Employee resource groups, or as we like to call them, Elastician resource groups, have been a part of Elastic’s culture since 2016. They started as organic Slack channels that Elasticians could join to connect with others from similar backgrounds or experiences.
In 2021, we formalized these ERGs to ensure that the members would have structure, budget, and ultimately, a voice based on any dimension of diversity, allyship, and advocacy. Formalizing these ERGs was an important step in broadening the impact of our collective diversity, equity and inclusion (DEI) initiatives.
ERGs are aligned to shared identities, interests, affinities, or allyships and have visions and goals they are working towards. They allow Elasticians to build a sense of community and belonging outside of their immediate team and allow for knowledge sharing, learning and development, and networking.
Diversity has always been a part of our culture. We’re a distributed organization, with employees in more than 40 countries around the world. What unites us is our Source Code, a shared set of ideas that we’re always working towards.
One tenet of our Source Code is “As YOU, Are” which means that we celebrate our differences and encourage everyone to come as you are.
“The Source Code is the basis for our entire DEI philosophy,” says Karen Penn, Elastic’s Head of DEI. “It’s critically important when you have employees from 44 countries. On a daily basis, things can be misinterpreted, but it’s important to not assume malice. We have this set of ideals and values to show that.”
She also explains her tool for managing awkward occurrences when they arise, especially around culture differences.
“We have to respect the pause—let people pause and explain,” she says. At Elastic, we don’t shy away from conflict, but instead enable Elasticians to address things in a meaningful way. That’s how you learn and grow as people, and as an organization.
Our Core ERGS
Currently, we have seven formal ERGs: The Accessibles, Blasticians, ElastAsians, Elasticians Unidos, Rainbow Stack, Mil-asticians, and Women of Elastic. We’ll be spotlighting them over the next year as they relate to culture or commemorative events and holidays.
Who are the Blasticians?
In honor of Black History Month in the U.S and Canada, we are spotlighting Blasticians. Blasticians was the first of our ERGs to formalize and is for people of color and their allies. Shantel Drew, Associate, Talent Brand, is the ERG lead for the group. As a Black woman in tech, she wanted a support system and to bring more Black people into the industry. But, she’s gotten so much more.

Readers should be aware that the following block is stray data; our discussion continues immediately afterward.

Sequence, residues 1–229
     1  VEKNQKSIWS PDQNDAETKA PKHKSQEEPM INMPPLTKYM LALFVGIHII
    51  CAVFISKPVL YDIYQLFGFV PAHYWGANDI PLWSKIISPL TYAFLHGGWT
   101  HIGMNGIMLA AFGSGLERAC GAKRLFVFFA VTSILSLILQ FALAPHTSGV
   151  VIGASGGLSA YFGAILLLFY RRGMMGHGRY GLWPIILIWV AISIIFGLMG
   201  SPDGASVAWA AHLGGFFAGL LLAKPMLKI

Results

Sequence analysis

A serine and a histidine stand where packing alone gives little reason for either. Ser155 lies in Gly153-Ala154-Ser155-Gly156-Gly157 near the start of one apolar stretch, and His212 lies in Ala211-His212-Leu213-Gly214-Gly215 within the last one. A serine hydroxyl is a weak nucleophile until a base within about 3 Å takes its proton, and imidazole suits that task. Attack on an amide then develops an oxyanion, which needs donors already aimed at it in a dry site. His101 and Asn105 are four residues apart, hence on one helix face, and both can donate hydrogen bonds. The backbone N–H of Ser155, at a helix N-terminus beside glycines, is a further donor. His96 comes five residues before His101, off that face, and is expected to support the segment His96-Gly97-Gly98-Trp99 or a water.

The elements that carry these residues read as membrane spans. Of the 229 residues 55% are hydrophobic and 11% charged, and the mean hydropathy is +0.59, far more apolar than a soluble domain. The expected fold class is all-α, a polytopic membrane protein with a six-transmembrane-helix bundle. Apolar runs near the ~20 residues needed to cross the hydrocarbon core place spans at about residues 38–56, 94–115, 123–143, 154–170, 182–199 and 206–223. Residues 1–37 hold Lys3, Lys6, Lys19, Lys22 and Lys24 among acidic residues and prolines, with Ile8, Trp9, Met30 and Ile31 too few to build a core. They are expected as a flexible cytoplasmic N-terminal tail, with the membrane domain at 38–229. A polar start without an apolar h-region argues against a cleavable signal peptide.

Even before Blasticians was a formal ERG, Shantel wanted to bring people together and educate others. In the summer of 2020, after George Floyd’s murder, she organized a lunch and learn program and asked other people of color to share their stories. Elasticians attended from around the world. “I felt like people really came together,” Shantel says.
Now, as an official ERG, they’re able to have an even greater impact. “It’s rewarding to have other employees reach out after events to give kudos, but it is even better knowing that the stories told, touched hearts”, Shantel says. They’re also a great resource employees can leverage as peer-to-peer to help them navigate certain issues.”
Blasticians is split into three committees: Recruiting, mentorship, and volunteering.
The recruiting committee works to bring more Black people into tech, specifically at Elastic. To do that, the group met with leaders on engineering teams that had a below average number of Black employees and helped to source talent on LinkedIn, Shantel explains. This year, they’re working to create a Black hiring strategy team, in partnership with engineering.
Since Blasticians formalized, they’ve been successful in partnering with Engineering and Recruiting to increase the representation of Black Elasticians.
“I’ve seen our efforts actually work and have more Black people get hired,” Shantel says.
The mentorship committee is getting up and running, but will have a formal mentorship program for Black Elasticians. With the inaugural cohort, they hope to improve retention and promotion rates among participants.
The volunteer committee is all about exposure. Members of this committee talk to college students about working in tech and are hoping to speak to other professional organizations like Blacks in Cybersecurity to show the community that tech is a viable career option for Black people.
“We want to do things beyond happy hours, we want to do something for the community,” Shantel says.
As a group, they meet virtually, so Elasticians around the globe can join and have access to people who look like them, or have shared experiences.
As YOU are starts here. Join the team at Elastic.